The walking Messiah Complex that we know as Glenn Beck has something in store for America. He is not content with having a daily television program, radio broadcast, books, web site, magazine, movies, and live performances. That’s not nearly enough for a megalomaniacal doomsday prophet of Beck’s caliber. He must have more. He must have the attention of every self-deluding dullard that he can herd into his parish. He must have unambiguous devotion. He must have it all. He must have the future.
And that’s why he is developing what he calls “The Plan,” a one hundred year blueprint for the restoration of an America that exists only in his mangled mentality. He longs to return to an era when our founding fathers consumed and polluted our young nation’s natural resources at will. When they slaughtered savage natives and confined them to reservations. When they enriched themselves with the blood and sweat of imported slaves. When voting was the privilege of male landowners. Ah, those were the days.
This is not to say that America’s founders were inherently evil. They had many admirable qualities and ambitions. They drafted a governing document that is still the model for free, democratic societies. But they were not perfect and ought not to be beatified. It is fair to say that a couple of centuries of progress has contributed to our store of wisdom and purpose. It would be foolish to fail to recognize the advances we’ve made and to build on them. Yet that is precisely the path that Beck would have us follow. He has a plan to move us a hundred years – backwards.
Beck’s obsession with plotting out a hundred years of his philosophy was laid out in a speech to his disciples yesterday. To be clear, it was a speech laying out his obsession, not any real philosophy. There doesn’t actually appear to be one. And as is his practice, he focused primarily on the tribulations of our grievous destiny.
Beck: “I’ve done a lot of reading on history the last few years. And I was amazed to find that what we’re experiencing now is really a ticking time bomb that they designed about a hundred years ago at the beginning of the progressive movement.”
A ticking time bomb? Beck’s reading of history has found some sort of Da Vinci coded scheme by a cabal of early twentieth century super-villains determined to destroy an America they would never live to see. These ragtime conspirators lit the fuse a hundred years ago, and today the threat they set in motion serves as Beck’s Apocalyptic siren. It is the trumpeting of the end of days, and in Beck’s ears it is as sure as Gabriel’s horn. Yet it is a fate that is invisible to everyone but Beck. Thank God we have access to his dementia. Otherwise we would never see the bubbling cauldron of calamities right before our eyes. We would be blind to the signs of doom all around us, like the pernicious paintings and sculptures littering Manhattan courtesy of the socialist clan of Rockefeller.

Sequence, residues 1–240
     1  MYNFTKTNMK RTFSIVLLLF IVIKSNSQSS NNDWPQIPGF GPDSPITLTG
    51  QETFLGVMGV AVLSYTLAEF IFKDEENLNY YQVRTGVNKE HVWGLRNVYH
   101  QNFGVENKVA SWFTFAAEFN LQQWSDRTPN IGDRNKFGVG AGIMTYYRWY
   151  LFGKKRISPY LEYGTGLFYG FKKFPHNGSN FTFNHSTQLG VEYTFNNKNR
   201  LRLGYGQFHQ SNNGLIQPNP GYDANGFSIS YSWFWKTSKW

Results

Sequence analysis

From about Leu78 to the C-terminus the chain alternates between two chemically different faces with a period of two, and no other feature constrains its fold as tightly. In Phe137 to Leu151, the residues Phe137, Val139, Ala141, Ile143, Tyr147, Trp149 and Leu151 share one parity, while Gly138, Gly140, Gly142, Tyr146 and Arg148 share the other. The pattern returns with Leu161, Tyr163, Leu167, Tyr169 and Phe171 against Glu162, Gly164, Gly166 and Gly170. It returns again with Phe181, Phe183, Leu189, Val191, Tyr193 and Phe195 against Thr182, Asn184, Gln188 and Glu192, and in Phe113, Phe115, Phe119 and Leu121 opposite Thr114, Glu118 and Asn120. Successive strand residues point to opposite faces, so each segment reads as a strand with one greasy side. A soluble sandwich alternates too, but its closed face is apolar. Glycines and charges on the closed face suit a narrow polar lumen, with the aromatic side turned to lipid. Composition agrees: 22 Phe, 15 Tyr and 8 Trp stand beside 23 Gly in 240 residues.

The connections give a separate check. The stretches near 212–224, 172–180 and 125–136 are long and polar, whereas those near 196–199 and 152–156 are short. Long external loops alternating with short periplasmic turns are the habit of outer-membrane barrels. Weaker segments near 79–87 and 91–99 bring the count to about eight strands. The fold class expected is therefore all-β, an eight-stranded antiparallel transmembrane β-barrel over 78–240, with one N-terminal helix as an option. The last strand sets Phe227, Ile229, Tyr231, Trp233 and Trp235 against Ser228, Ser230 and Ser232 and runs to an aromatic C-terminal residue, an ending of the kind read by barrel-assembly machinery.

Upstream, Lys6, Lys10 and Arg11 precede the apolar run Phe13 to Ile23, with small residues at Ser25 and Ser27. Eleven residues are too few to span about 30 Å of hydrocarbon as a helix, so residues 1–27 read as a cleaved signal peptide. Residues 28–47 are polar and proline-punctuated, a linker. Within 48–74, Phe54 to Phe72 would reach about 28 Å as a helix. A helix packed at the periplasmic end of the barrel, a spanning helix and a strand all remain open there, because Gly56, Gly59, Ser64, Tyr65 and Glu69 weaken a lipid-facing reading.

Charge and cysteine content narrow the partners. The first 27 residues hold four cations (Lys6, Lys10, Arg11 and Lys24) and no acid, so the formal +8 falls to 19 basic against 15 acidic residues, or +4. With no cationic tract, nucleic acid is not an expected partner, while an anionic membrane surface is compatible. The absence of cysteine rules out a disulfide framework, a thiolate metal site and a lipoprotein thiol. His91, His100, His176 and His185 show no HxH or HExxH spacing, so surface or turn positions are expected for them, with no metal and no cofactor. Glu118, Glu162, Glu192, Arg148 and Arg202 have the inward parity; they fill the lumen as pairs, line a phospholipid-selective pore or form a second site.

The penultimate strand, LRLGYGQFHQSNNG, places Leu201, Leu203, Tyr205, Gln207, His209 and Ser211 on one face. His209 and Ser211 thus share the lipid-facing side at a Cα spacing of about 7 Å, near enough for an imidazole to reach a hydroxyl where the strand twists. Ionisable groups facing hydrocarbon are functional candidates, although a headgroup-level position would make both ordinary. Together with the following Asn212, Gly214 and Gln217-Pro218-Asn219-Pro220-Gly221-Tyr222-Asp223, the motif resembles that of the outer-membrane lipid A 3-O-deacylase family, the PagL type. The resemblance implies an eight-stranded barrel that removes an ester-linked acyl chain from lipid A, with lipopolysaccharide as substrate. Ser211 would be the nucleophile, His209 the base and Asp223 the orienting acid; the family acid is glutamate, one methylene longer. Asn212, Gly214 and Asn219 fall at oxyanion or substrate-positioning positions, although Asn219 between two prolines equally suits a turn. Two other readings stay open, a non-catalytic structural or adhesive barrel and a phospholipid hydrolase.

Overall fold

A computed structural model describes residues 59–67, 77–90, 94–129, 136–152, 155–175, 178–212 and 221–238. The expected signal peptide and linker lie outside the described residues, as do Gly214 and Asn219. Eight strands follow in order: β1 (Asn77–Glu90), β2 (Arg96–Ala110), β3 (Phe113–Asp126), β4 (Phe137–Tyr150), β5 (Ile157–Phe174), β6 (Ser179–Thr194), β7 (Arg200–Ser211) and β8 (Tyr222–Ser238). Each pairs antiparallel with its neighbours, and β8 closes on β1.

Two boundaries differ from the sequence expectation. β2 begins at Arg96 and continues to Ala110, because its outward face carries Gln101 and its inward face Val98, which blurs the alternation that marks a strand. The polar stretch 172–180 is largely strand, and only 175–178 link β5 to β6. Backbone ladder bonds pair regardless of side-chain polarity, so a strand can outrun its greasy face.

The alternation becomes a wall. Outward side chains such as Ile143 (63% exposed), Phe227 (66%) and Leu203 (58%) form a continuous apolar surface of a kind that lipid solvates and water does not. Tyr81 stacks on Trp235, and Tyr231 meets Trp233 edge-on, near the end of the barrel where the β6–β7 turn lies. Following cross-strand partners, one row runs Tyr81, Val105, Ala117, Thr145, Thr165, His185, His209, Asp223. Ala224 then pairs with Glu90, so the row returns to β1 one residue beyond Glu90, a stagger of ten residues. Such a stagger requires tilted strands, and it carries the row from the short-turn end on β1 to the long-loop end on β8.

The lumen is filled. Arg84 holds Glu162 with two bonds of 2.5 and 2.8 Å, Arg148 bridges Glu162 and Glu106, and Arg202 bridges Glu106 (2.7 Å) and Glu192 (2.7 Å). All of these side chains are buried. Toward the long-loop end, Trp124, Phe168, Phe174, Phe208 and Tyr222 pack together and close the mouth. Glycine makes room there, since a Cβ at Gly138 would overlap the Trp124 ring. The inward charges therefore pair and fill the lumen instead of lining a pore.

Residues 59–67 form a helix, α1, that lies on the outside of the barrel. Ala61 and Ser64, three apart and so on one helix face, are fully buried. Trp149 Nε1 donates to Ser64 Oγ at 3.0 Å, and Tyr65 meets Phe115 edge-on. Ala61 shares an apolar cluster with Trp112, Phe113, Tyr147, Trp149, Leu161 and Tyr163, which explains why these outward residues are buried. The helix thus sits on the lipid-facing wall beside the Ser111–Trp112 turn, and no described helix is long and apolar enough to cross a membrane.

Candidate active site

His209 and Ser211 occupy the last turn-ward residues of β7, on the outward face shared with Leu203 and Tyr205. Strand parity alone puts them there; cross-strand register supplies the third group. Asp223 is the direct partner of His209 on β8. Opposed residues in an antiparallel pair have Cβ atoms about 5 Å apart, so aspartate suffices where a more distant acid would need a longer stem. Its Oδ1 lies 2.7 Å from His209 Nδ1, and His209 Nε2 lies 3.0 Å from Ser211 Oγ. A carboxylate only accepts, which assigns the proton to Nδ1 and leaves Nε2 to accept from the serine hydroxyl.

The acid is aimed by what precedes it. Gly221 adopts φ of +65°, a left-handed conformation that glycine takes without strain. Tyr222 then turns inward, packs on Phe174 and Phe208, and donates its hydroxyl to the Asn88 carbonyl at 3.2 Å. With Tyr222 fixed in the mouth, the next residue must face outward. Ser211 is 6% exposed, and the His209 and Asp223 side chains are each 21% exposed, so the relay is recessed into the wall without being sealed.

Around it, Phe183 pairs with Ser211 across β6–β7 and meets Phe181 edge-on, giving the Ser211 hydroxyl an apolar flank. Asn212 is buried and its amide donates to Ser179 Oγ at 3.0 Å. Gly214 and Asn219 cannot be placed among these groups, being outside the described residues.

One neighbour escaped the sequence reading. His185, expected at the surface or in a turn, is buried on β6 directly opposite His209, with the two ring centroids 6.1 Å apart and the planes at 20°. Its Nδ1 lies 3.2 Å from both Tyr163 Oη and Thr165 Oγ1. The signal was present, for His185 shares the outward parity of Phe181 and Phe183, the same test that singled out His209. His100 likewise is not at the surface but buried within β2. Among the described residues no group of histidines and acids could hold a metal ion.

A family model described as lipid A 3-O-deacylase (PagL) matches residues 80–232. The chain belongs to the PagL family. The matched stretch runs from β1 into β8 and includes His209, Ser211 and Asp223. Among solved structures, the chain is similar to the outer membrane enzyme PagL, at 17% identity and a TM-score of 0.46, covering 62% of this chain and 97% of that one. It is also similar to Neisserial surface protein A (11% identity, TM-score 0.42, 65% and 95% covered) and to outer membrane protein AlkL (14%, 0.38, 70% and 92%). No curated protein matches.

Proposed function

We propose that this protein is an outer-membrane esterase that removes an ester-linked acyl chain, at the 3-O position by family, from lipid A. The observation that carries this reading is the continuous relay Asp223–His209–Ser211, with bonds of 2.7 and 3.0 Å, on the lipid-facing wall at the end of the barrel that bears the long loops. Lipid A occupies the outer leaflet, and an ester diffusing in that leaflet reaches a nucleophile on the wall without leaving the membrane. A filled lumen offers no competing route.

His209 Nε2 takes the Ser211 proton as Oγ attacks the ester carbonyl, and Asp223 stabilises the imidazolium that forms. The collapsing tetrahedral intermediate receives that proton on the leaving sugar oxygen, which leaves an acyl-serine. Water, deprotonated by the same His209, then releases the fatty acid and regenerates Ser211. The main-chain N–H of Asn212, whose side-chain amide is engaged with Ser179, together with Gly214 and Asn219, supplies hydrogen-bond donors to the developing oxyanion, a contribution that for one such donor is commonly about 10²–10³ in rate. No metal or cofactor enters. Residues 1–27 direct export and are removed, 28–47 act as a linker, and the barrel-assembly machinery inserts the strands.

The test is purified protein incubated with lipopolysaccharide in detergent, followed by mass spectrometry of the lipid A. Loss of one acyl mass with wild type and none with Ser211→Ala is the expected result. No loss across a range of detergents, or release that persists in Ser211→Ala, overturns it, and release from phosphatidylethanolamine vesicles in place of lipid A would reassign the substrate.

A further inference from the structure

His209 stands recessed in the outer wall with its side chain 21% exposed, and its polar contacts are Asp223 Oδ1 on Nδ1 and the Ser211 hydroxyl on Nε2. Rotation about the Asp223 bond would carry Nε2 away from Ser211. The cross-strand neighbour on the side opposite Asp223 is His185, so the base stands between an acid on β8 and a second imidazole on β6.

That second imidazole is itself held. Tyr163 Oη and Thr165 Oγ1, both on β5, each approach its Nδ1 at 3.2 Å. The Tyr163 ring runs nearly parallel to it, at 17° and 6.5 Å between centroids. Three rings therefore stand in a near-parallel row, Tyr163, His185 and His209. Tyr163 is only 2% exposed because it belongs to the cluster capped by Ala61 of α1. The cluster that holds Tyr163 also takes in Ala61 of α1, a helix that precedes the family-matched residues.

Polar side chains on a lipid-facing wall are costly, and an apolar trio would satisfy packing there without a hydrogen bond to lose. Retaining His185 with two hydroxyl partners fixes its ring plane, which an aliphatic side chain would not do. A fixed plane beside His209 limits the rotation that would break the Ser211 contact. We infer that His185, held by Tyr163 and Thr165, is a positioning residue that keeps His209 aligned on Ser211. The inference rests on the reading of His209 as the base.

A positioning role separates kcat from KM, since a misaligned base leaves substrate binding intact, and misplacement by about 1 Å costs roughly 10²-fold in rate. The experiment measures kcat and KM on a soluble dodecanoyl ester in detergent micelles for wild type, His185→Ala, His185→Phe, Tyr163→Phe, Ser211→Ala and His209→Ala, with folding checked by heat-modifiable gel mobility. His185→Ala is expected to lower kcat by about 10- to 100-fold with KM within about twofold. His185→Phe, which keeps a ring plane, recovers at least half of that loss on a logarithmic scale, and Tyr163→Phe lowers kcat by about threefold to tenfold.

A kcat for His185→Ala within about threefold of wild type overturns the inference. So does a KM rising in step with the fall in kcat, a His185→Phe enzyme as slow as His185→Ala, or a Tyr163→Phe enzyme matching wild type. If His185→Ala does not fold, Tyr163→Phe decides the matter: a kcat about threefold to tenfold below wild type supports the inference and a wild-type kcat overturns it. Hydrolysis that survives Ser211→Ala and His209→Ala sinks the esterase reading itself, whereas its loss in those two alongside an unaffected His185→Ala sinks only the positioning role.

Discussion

In his speech yesterday, Beck even found hidden clues to the secrets of the Statue of Liberty. She is not what she seems. Beck recited the words carved at her base:
“Give me your tired, your poor, your huddled masses
yearning to breathe free.
The wretched refuse of your teeming shore.
Send these, the homeless, tempest-tost to me.
I lift my lamp beside the golden door.”
On the first reading he delivered it hushed tones, almost a whisper, saying that that was the way we had been taught to perceive it. Now I never knew there was a “correct” intonation, but no matter, Beck quickly declares it was wrong. He then commenced a second recitation, this time a cacophony of anger and judgment and spittle running down his chin. This represented the true meaning of the words to him, to which he added, still shouting, “The message is clear…”
“You send the worst of the worst to America.
The people you’ve rejected. The ideas you don’t like.
And freedom will free them. Free their minds.
Liberty will change everything.
My friends, we are in troubled, troubled times.”
That is Beck’s vision of America’s welcome at Ellis Island. It is not an embrace of the world’s downtrodden that they may find peace and fellowship. It is a condemnation of inferiors that they may seek repair. That these diseased and broken souls may be healed. He literally describes Liberty’s poem as “an insult” to foreign tyrants, rather than the appeal to hope that the rest of us heard. It is a vision that perfectly fits Beck’s fixation on creating idols and demons and saviors.
And after excoriating the progressives of yore for their conniving villainy, Beck triumphantly proclaims that “two can play that game.” This is his way of announcing that he too can shape evil plots. He too can form cabals intent on destroying the country. He is openly alerting us that he too can plant a ticking time bomb in America’s foundation.
Beck regards this as his sacred mission. He preaches it to his flock. And over the next year he plans to hold seminars to further indoctrinate his disciples with disinformation and fables that he will convince them are true. And as foreboding as this seems, in the end, Beck cannot prevail. His brand of gloom has never been strong enough to overcome the indomitable optimism of the American people. But sadly, while America will survive Glenn Beck, not all Americans will. And that is why we have an obligation to confront and to counter him. On behalf of those he misleads, and the victims they produce, we must not leave the field to his cult of ignorance.